Budweiser 'will seek $47m' from FIFA after last-minute alcohol ban

American beer Budweiser ‘will seek to knock $47m off its deal’ to be the official beer supplier for the 2026 World Cup in the US, Canada and Mexico following FIFA’s last-minute alcohol ban in Qatar

  • Alcohol sales at Qatar World Cup stadiums are banned, FIFA announced Friday
  • Budweiser has a $75million deal with FIFA to be the official beer supplier
  • It also has a $112m deal to have a monopoly on sales at the 2026 tournament
  • The brewing giant is now reportedly looking to knock $47m off the 2026 deal
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  • Click here for the latest World Cup 2022 news, fixtures, live action and results

Budweiser will reportedly seek around $47million from FIFA following the U-turn decision on allowing alcohol to be sold inside stadiums at the World Cup. 

Last Friday, FIFA announced that alcohol would be prohibited inside stadiums at the tournament in an 11th-hour decision apparently motivated by pressure from Qatar’s royal family.

Anheuser-Busch InBev, the brewing giant which owns Bud and dozens of other beer brands, has a $75million deal with FIFA to be the official beer supplier for the World Cup in Qatar and reportedly has another already in place worth around $112m for the 2026 World Cup in the US, Mexico, and Canada. 

However, following FIFA’s reversal on alcohol sales at stadiums this year, Budweiser will look to seek a $47.4m deduction on its portion of the deal for the 2026 tournament, according to The Sun. 

The 2026 tournament will feature more teams, meaning there will be a total of 80 games taking place across the three countries, a rise on the current 64. 

This also means Budweiser will have the opportunity to sell more of its beer in the stadiums and fan zones throughout the World Cup. 

Budweiser will reportedly seek around $47million from FIFA for the U-turn decision on allowing alcohol to be served inside stadiums at the World Cup 

Empty Budweiser stands, which would have sold beer to fans before and after matches, now stand empty and will only be able to sell Bud Zero instead

Sheikh Hamad bin Khalifa bin Ahmed Al Thani (right, facing camera), president of the Qatar Football Association, stands by a Budweiser hoarding at a training session

This year’s World Cup is the first to be held in a conservative Muslim country with strict controls on alcohol, the consumption of which is banned in public, and the reversal has raised questions among some supporters about the host country’s ability to deliver on promises to fans.

Qatar is a typically teetotal nation where tourists can only buy or consume alcohol inside licensed hotels or restaurants. Exemptions for the World Cup would have meant fans were able to buy beers in special ‘fan zones’ or on stadium concourses.

Budweiser, a major World Cup sponsor, was to exclusively sell alcoholic beer within the ticketed perimeter surrounding each of the eight stadiums three hours before and one hour after each game.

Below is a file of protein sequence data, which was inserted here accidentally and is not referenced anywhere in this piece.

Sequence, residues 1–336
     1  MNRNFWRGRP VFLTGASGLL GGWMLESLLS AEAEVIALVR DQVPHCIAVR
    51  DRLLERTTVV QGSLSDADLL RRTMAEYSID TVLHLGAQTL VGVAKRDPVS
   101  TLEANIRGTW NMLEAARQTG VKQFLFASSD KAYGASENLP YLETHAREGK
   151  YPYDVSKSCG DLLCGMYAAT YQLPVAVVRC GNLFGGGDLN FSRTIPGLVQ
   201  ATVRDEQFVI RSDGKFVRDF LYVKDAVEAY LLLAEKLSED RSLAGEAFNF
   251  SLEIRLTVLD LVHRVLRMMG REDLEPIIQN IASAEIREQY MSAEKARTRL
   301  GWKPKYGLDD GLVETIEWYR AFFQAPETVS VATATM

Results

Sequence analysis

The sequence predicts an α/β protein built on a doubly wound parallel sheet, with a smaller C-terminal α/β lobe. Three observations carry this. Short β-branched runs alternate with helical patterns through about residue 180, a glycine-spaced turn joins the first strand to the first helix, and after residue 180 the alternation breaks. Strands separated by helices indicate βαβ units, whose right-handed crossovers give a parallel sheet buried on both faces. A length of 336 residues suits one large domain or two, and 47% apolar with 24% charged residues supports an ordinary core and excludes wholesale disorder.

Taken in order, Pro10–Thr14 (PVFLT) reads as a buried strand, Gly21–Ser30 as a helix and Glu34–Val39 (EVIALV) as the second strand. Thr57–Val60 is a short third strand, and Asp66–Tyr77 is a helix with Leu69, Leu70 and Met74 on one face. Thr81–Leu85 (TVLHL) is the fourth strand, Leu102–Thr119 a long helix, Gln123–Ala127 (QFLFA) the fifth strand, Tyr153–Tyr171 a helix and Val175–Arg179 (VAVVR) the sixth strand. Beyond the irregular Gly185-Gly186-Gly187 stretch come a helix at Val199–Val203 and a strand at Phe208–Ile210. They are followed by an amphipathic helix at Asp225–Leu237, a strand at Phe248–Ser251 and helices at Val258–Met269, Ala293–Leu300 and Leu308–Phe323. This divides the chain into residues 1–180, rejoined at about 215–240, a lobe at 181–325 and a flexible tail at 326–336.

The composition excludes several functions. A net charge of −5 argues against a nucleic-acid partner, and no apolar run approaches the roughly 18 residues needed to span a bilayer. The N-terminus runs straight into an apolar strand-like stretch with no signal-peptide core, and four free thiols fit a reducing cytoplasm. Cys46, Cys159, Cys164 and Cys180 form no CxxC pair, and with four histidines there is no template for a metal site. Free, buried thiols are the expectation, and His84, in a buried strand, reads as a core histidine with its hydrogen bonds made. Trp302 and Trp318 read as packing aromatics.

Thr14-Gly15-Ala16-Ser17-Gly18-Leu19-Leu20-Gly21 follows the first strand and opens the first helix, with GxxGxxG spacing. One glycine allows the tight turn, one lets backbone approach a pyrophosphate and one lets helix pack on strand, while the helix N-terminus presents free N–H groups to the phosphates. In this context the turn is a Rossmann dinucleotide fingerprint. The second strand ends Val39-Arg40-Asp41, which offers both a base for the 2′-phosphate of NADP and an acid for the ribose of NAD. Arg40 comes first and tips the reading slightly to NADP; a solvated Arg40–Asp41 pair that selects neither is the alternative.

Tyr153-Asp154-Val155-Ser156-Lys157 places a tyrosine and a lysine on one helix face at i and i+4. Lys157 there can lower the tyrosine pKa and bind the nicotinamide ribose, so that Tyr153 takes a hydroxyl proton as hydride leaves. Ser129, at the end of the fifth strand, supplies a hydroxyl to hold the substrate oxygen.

But Qatar reneged on part of that deal, meaning beer can now only be sold only inside the ‘fan zones’, where pints will cost around $14. 

The 11th-hour decision was apparently motivated by pressure from Qatar’s royal family.

‘Following discussions between host country authorities and FIFA, a decision has been made to focus the sale of alcoholic beverages on the FIFA Fan Festival, other fan destinations and licensed venues, removing sales points of beer from Qatar´s FIFA World Cup 2022 stadium perimeters,’ a FIFA spokesperson said in a statement, just two days before the tournament got underway. 

A Budweiser beer stand at Fan Festival ahead of the FIFA World Cup Qatar 2022

The fan festival, where pints cost $14 each, is now one of the few places in the whole of Doha where visiting fans can buy alcohol

‘There is no impact to the sale of Bud Zero which will remain available at all Qatar’s World Cup stadiums. 

‘Host country authorities and FIFA will continue to ensure that the stadiums and surrounding areas provide an enjoyable, respectful and pleasant experience for all fans. 

‘The tournament organizers appreciate [Budweiser’s] understanding and continuous support to our joint commitment to cater for everyone during the World Cup.’ 

After the news was announced, InBev made no mention of possible legal action over the $75m deal. 

The company released a short, terse statement addressing the beer-ban in which it said it was still looking forward to ‘celebrating football with our consumers’ but some sales could not go ahead due to ‘circumstances beyond our control’.

Its alcohol-free beverage, Bud Zero, is still permitted to be sold inside stadiums. 

Hours before the statement was release, Budweiser’s Twitter account posted a cheeky tweet saying ‘well, this is awkward…’ but it was later deleted.

Budweiser originally tried to make light of the situation in a now-deleted tweet

The last-minute decision has meant that thousands of Budweiser beer cans have been left piled up at a warehouse in Qatar. 

Budweiser faced the prospect of large amounts of stock now going to waste. 

However, on Sunday it offered the cans of beer to the nation that comes out victorious following the tournament.

It said: ‘New Day, New Tweet. Winning Country gets the Buds. Who will get them?’ 

Tankers are said to have made the 8,000-mile voyage to Qatar stocked with beer from breweries in England and Wales.

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